A Perspective on Managing Disappointment

May 13, 2021

Ashly Balding

Ashly Balding joined ALHI in 2003 where she first served as a National Sales Manager in the Atlanta office and was then promoted to Vice President of Sales, then to Regional Vice President. She led the southeast USA region for over 5 years before transitioning to Executive Vice President, where she led four of the six Global Sales Office regions worldwide. Currently, with just over 17 years with ALHI, Ashly serves as ALHI's Chief Sales Officer, where she serves the organization through member communications, sales strategy and strategic business development.

My 6-year-old daughter Jetty is many things—caring, precocious, faith-filled, and also already an intrepid, ambitious entrepreneur. I recently came home to discover she had gathered together family heirlooms, clothing, and pieces of furniture, then moved them to a central area and tagged everything with prices.

“Darling, whatever are you doing?” I asked, at a loss for what game she’d invented this time. She looked me straight in the eye and replied with inherent glee, “We’re going to have a sale so we can buy a puppy!”

What can I say? It should be no surprise that enterprising thought is in her DNA. In fact, I am so proud of it! I can’t wait to discover the places that her creativity and determination will lead her. On the other hand, it also makes me consider how to prepare her for the reality and disappointment in this particular moment. Now is simply not the time for a second puppy in our home. 

I am keenly aware that she did all the preparation and hard work to raise the funds. She had a perfect vision for her future, but now is just not the moment for our family. 


It’s a reality for every child, and also every adult. And sometimes it doesn’t get easier with age. We have the benefit of perspective — we can see the goal at the end of the road, and we are completely confident we can do it. The road itself however is full of uneven gravel, unexpected twists and the occasional wrong turn. It’s anything but a straight line.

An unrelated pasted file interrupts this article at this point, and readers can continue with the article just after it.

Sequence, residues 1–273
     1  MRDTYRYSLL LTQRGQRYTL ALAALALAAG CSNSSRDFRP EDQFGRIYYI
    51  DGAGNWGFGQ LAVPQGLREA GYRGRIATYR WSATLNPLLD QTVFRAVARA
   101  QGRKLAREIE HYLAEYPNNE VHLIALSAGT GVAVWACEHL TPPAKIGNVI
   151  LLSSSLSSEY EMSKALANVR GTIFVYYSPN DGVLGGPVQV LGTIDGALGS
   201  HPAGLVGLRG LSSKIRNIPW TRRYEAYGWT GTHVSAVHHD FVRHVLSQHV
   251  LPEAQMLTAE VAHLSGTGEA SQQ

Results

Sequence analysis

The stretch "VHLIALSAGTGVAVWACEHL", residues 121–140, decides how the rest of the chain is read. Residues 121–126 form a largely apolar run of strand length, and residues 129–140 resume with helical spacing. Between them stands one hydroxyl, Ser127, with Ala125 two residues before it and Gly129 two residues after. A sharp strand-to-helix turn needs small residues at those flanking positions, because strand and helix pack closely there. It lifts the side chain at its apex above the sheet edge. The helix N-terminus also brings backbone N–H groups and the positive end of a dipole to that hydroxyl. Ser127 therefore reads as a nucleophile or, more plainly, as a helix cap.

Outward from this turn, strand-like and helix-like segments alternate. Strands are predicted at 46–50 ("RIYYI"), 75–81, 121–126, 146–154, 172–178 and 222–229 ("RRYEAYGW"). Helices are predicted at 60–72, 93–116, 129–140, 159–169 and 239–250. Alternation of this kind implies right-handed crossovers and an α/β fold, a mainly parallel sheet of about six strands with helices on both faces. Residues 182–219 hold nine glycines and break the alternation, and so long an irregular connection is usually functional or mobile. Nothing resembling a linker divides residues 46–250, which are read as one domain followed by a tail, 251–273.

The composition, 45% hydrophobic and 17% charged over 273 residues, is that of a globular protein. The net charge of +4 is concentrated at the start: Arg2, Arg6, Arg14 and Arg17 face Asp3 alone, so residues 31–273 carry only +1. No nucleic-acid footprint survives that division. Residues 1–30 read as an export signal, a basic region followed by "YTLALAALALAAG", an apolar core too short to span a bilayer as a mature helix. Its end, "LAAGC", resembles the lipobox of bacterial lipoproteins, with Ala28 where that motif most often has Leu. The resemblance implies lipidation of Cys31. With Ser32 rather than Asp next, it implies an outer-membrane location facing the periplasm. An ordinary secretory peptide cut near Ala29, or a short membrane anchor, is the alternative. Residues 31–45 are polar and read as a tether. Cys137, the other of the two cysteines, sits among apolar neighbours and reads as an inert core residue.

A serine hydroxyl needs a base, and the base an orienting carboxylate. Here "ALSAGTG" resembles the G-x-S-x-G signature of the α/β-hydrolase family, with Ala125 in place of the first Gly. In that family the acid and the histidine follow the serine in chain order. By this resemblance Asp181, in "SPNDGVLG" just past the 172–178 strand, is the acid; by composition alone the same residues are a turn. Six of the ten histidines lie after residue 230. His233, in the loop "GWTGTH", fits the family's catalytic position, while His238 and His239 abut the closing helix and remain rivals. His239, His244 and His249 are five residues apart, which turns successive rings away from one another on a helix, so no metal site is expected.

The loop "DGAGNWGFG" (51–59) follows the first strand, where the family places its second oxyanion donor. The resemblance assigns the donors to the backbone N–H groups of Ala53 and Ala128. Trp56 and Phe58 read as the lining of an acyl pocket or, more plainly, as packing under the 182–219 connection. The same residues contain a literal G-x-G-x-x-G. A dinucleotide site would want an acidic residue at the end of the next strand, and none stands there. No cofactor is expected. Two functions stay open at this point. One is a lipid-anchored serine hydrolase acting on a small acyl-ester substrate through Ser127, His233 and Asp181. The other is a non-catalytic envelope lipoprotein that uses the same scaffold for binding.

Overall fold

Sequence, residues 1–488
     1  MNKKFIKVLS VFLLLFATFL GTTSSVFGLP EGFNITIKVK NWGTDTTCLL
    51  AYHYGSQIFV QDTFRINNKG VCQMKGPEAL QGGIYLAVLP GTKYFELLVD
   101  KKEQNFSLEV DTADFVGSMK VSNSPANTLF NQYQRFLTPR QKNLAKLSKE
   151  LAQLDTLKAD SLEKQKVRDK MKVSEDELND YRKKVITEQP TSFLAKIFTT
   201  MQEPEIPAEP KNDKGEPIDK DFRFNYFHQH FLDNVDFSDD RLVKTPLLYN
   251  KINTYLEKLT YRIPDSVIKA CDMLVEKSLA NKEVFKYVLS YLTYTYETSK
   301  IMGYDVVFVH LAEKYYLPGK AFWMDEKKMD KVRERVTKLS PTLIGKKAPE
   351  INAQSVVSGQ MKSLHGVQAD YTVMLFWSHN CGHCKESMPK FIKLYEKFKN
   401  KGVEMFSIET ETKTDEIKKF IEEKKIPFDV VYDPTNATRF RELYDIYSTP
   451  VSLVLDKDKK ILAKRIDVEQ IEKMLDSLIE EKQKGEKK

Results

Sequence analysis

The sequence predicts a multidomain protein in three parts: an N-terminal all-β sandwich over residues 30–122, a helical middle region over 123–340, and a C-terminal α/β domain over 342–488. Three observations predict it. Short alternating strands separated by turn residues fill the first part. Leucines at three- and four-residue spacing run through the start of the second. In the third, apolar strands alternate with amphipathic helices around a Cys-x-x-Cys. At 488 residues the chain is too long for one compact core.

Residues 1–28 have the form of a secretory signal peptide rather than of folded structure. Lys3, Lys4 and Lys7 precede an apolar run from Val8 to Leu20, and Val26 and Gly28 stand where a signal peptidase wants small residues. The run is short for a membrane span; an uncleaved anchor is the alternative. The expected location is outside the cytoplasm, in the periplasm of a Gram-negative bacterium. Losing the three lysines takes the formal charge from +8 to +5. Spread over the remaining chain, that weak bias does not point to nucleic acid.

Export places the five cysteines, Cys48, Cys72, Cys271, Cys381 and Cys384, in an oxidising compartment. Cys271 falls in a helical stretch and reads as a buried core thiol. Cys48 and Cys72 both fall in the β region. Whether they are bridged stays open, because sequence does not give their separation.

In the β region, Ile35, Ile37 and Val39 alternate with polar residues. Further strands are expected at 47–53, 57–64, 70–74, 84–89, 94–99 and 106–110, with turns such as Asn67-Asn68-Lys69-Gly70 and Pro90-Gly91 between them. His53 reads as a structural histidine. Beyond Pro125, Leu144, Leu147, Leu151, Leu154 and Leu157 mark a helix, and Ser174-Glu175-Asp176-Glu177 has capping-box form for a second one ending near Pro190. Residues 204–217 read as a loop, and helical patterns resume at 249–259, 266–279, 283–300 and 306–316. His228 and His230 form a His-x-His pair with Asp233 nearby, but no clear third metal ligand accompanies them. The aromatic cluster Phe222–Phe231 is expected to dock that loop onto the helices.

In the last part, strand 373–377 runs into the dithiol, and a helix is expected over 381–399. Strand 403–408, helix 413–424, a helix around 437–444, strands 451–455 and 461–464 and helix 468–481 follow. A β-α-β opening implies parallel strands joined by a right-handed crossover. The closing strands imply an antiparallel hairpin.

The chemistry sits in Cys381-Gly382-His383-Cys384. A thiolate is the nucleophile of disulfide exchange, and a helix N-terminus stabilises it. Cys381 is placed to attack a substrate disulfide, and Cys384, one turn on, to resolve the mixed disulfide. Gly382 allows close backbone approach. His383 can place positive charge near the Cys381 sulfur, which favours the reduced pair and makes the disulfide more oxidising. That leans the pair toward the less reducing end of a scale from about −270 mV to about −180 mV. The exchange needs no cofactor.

This year, the hospitality industry has endured a global pandemic that has now spanned more than a calendar year — a journey that has sometimes made me feel like I was moving in reverse in spite of giving it my utmost effort. 

What I’ve learned this year, and what I want to instill in my daughter, is the heart, and the strength and the grit to never, ever give up. As a leader, and as a parent, I have the beautiful opportunity to propel my team, my family, my community and even my industry through this to a much better future.

For our industry, that means swallowing the reality that 2021 may not be a banner year, or even a normal year, until we are on the other side of this pandemic. For Jetty, it means we are not getting a new puppy right now. In both scenarios, we are going to channel that disappointment into something greater than we can even anticipate in these trying days. 

To help give me perspective and keep me inspired along the way, I’d like to share a few tips, tools and tricks I’ve focused on over the past year. Consider this…

  • Stop thinking you know all the answers. You don’t. None of us do. And if even if you know the answer, it’s a good idea to pause. Open your heart and ask a question. Even if you know the definitive answer, ask the question anyway.
  • Come from a place of learning. Find books, podcasts, speeches and videos that offer new perspectives. Calendar 30 minutes for yourself daily to listen or read to take in a new idea. Some of my favorites include: The Brene Brown’s Dare to Lead podcastA Minute with Maxwell, the Craig Groeschel Leadership Podcast and The Goop Podcast. 
  • Recap your day, every day. Professional sports teams review game tapes to watch themselves, hear feedback, refine and learn. Every. Single. Game. Professionals in any other arena can — and should! — do the same. Every evening, I take a look at my day and go through the wins and the losses. I ask myself questions like, ‘When could I have been more clear? When could I have been more empathetic? How could I have shifted my approach?’ The next day, I go forward with those reflections in mind to do better. And if I need to go back and clear the air, or re-communicate about a project, I do it.
  • Build community. Self-reflection and self-awareness is crucial, but a community of truth-tellers and supporters can take you farther than you could ever go alone. Invest in others and give back by being their truth-tellers, too. You’ll suddenly find a community of accountability and transparency growing all around you.

We’ve got this. We are the very thing I just described – a community who supports each other who can go farther together than we ever could alone. I believe in our collective ability to do great things, together.



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